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Coronavirus information: We encourage you to refer to credible sources, like the CDC for updated information. For direction on your own care, please contact your doctor. If you have additional questions, please review our landing page here.

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Talk to your doctor about the type of contraception that is right for you. Things to consider include:

  • Safety
  • Effectiveness
  • Availability
  • Future family goals

Preventive service at no cost

The full range of contraceptive methods for women currently identified by the U.S. Food and Drug Administration include:

(1) sterilization surgery for women

(2) surgical sterilization via implant for women

(3) implantable rods

(4) copper intrauterine devices

(5) intrauterine devices with progestin (all durations and doses)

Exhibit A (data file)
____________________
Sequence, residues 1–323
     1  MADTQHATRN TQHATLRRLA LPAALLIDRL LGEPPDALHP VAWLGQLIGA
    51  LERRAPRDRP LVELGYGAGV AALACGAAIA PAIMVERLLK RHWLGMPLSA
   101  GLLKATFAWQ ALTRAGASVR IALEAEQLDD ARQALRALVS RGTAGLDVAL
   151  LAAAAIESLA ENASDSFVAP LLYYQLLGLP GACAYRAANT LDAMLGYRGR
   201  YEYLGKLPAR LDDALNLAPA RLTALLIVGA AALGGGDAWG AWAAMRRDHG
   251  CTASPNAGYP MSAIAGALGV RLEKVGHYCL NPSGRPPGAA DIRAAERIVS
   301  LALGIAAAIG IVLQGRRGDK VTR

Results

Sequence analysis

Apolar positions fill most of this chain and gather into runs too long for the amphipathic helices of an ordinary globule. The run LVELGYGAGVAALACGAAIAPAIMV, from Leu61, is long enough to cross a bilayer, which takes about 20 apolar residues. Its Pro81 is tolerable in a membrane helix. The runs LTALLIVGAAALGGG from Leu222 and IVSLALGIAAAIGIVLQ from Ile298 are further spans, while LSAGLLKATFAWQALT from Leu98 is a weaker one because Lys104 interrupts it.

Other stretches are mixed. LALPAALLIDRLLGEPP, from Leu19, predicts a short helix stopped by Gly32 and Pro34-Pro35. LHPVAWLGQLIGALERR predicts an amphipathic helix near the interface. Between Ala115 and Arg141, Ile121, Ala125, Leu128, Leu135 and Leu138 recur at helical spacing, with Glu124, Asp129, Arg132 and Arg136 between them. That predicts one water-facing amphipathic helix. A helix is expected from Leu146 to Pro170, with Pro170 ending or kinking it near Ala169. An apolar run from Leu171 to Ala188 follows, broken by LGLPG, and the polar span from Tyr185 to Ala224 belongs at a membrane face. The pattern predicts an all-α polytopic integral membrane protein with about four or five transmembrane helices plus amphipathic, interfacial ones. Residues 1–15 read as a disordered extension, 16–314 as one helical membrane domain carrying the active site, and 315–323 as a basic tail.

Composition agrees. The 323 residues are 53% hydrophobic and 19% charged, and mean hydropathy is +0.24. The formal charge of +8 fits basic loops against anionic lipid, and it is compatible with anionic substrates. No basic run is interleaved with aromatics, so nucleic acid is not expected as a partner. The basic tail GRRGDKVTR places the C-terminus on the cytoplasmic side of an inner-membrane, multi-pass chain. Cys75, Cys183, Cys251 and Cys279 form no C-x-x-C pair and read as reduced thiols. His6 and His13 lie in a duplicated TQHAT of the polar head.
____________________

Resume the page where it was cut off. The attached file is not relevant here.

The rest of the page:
(6) the shot or injection

(7) oral contraceptives (combined pill)

(8) oral contraceptives (progestin only, and)

(9) oral contraceptives (extended or continuous use)

(10) the contraceptive patch

(11) vaginal contraceptive rings

(12) diaphragms

(13) contraceptive sponges

(14) cervical caps

(15) female condoms

(16) spermicides

(17) emergency contraception (levonorgestrel)

(18) emergency contraception (ulipristal acetate)

Contraceptive care should include contraceptive counseling, initiation of contraceptive use, and follow-up care (e.g., management, and evaluation as well as changes to and removal or discontinuation of the contraceptive method).

Birth Control Methods

Effectiveness of Family Planning Methods

Additional Information

Be aware that all methods of contraception do not prevent STIs. Talk to your doctor about ways to protect yourself.

There are some risks or side effects in using any method.

Birth Control Guide

Additional Resources